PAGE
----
Steller's Sea Eagle - Haliaeetus pelagicus

Sometime ago, I had a request to create a painting of a Steller's Sea Eagle, and I finally completed it. The banner has the person's name on it, but I photoshopped that out for privacy reasons. I was excited to have an opportunity to paint one of these magnificent birds of prey. This is one of the largest eagles in the world, rivaled only by Harpy Eagle and Philippine Eagle. Wing spans range from an incredible 7 to 8 feet, and females (larger of the 2 sexes) can weight between 15 and 20 pounds. They feed mainly on fish, such as salmon, but will prey on other water dwelling birds, and mammals as well. They live in the eastern parts of Russia, and winter a bit south of there in Japan.

In order to create the painting, I had to rely on various random photographs, as the collections at the Field Museum do not have any specimens of Steller's Sea Eagles. A few weeks ago while in for my regular volunteer shift, I asked Dr. Willard if I could look at one, and I got a flummoxed look. He ran off to check the records, and sure enough, it was one of the few things that the collections lack. He wryly commented that the next time he finds himself on the Kamchatka peninsula, he would pick one up for me. I decided not to wait.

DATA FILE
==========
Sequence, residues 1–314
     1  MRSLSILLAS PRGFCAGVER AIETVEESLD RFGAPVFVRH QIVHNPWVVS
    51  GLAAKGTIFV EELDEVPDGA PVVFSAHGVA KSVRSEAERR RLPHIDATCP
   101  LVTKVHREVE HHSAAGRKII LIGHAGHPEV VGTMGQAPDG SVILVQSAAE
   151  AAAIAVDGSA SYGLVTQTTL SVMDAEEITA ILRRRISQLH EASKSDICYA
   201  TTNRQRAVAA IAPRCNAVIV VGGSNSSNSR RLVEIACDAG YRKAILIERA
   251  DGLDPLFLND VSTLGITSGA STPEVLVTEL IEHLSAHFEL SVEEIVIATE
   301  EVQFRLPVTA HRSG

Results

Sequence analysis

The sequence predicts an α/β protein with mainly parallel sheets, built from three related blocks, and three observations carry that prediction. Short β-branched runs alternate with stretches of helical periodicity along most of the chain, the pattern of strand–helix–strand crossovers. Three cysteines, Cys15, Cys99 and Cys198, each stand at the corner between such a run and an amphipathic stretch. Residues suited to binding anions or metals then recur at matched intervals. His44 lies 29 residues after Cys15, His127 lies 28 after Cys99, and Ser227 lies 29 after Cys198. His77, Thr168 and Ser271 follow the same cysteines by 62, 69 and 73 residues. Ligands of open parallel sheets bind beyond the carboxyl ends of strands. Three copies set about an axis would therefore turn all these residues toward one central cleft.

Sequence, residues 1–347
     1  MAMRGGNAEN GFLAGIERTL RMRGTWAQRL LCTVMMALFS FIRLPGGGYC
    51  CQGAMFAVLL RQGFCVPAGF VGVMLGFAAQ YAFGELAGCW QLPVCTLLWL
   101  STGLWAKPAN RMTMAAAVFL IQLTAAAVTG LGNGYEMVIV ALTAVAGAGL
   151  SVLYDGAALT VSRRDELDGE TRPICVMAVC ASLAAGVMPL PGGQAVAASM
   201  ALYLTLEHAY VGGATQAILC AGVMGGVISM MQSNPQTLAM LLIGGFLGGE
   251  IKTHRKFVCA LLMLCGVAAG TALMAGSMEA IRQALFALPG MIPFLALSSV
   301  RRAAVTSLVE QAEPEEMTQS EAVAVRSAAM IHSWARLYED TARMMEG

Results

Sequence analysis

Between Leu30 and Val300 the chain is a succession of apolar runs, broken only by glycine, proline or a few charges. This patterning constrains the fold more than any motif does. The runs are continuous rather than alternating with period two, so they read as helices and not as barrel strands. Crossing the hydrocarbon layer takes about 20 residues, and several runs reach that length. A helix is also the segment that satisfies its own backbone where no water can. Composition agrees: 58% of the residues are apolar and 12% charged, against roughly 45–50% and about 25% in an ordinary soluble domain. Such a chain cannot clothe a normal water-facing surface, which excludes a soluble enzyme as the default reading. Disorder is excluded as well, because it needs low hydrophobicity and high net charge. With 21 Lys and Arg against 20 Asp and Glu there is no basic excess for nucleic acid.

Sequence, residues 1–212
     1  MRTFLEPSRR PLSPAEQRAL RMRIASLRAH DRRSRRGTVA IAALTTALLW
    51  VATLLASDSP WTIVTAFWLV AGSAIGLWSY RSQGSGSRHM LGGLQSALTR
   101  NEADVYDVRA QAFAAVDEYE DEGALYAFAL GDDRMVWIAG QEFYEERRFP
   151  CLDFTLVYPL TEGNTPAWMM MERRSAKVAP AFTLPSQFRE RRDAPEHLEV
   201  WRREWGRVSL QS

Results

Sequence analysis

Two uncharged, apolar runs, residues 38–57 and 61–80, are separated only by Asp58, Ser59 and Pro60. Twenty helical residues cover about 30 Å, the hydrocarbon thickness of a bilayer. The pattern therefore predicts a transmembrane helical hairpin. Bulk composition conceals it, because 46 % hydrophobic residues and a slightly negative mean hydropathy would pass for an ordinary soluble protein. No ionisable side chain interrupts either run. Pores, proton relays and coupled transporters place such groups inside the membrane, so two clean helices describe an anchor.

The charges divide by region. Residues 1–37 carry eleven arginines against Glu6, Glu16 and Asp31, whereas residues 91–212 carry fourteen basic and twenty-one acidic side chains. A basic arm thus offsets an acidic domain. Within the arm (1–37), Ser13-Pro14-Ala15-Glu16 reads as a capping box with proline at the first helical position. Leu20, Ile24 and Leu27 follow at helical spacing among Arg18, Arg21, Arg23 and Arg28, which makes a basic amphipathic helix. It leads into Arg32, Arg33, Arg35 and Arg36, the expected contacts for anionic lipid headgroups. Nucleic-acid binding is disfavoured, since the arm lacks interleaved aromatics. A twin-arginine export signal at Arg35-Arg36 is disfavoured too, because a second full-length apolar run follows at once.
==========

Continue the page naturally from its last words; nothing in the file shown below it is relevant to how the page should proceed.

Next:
1. Ooo I love this! I saw sea eagles (Steller's i think) in the Lofoten Islands in Norway in 2005. There were so many of them on Vaeroy island they filled the sky. I think we saw 12 at one time. It was an incredibly moving experience.

  2. I take that back, based on distributions shown on Wikipedia (which may very well be suspect) the one I saw has to be the White-tailed Eagle (Haliaeetus albicilla). Still spectacular.

  3. Saw one at the San Diego Zoo last year:


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